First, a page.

Havering Museum is grand legacy for creator
PUBLISHED: 07:00 30 September 2015 | UPDATED: 09:39 30 September 2015
Tributes have been paid to the man behind the borough’s museum, a “supporter of all things Havering”.
Ian Wilkes died last week, at the age of 83.
He had formed the Friends of Havering Museum in 2000 to campaign for the creation of a place to share the borough’s rich history, with his wife, Pamela, as company secretary.
Following a £1 million grant from the Heritage Lottery Fund and an agreement to take over part of the Old Romford Brewery building, in High Street, he proudly declared the museum open on May 26, 2010.
Peter Stewart, chairman of the museum, said: “Without Ian and the vigorous campaigning of the group of friends, Havering Museum would not exist.
“Now we are firmly established as the heritage and community hub of the borough.
“Apart from his work on behalf of the Museum, Ian was a highly respected and at times, shall I say forceful, councillor and supporter of all things Havering.
“He leaves Pamela, four sons and an enormous legacy both at the museum and the borough that we can all be very proud of and one that will be difficult to follow.”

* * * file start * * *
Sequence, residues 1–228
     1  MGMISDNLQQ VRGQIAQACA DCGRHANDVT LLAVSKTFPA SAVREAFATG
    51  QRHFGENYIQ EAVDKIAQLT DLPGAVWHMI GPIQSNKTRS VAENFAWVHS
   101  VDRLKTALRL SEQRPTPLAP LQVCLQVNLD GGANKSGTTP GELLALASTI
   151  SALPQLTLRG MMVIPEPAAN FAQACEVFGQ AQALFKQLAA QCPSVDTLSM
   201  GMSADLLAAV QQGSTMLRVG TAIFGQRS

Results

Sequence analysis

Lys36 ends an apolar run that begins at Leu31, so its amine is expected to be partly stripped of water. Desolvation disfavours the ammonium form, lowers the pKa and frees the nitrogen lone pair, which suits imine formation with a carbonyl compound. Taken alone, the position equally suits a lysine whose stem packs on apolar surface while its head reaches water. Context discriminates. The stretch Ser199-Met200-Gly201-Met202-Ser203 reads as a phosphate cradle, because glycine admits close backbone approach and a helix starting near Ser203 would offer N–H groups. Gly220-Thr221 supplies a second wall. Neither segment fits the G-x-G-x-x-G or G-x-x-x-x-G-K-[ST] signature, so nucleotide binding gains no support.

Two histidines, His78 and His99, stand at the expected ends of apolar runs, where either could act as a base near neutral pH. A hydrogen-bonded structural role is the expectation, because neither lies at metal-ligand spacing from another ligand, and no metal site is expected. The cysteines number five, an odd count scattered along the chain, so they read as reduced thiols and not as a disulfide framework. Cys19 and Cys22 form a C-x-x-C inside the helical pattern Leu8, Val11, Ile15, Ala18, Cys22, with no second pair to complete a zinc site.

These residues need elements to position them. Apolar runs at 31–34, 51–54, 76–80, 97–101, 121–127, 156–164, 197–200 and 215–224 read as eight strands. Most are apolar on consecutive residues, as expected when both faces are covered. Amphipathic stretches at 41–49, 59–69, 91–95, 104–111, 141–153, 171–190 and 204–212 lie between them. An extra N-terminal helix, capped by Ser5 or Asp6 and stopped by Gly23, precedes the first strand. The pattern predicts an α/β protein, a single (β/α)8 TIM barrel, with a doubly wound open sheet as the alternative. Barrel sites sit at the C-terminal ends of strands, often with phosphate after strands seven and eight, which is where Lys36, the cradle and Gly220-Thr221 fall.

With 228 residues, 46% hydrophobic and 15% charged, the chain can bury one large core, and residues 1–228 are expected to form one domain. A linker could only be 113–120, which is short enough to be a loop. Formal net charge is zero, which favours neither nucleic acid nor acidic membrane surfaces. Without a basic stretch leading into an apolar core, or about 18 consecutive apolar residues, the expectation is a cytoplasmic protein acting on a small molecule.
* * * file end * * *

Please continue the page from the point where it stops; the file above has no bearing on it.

Mr Wilkes was chairman of the museum’s board of directors until 2014 when he stood down due to ill-health.
As well as spearheading the museum’s creation he was a successful author and publisher, chairman of Romford and District Historical Society and the Chamelons Drama Group, a governor of several local schools as well as a councillor.
In 2013 he received a civic award from the Mayor of Havering, in recognition of his long and dedicated service to the borough.
Mr Wilkes was also a founding member of Havering’s Residents Association and a Gidea Park councillor between 1994 and 2002.
Cllr Ron Ower (EHRG, Upminster) said Mr Wilkes had taken an interest in planning and leisure as well as editing local newsletters.
“He was a very nice guy, his use of the English language was second to none,” he said.
Cllr Linda Hawthorn (EHRG, Upminster) also paid tribute describing him as a “tenacious” man who never gace up.
She added: “He was a very colourful character, very lovely.
“He was very intelligent and his command of English was perfect.”
The family has asked for donations to be made in his memory to Saint Francis Hospice.